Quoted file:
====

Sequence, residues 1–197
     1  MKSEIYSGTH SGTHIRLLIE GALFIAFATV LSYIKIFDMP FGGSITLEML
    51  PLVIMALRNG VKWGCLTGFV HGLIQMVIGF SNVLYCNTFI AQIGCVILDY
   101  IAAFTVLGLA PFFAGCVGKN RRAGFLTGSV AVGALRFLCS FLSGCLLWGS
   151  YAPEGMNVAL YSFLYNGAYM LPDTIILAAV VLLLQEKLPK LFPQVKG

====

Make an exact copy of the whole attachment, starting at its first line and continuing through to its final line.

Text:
Sequence, residues 1–197
     1  MKSEIYSGTH SGTHIRLLIE GALFIAFATV LSYIKIFDMP FGGSITLEML
    51  PLVIMALRNG VKWGCLTGFV HGLIQMVIGF SNVLYCNTFI AQIGCVILDY
   101  IAAFTVLGLA PFFAGCVGKN RRAGFLTGSV AVGALRFLCS FLSGCLLWGS
   151  YAPEGMNVAL YSFLYNGAYM LPDTIILAAV VLLLQEKLPK LFPQVKG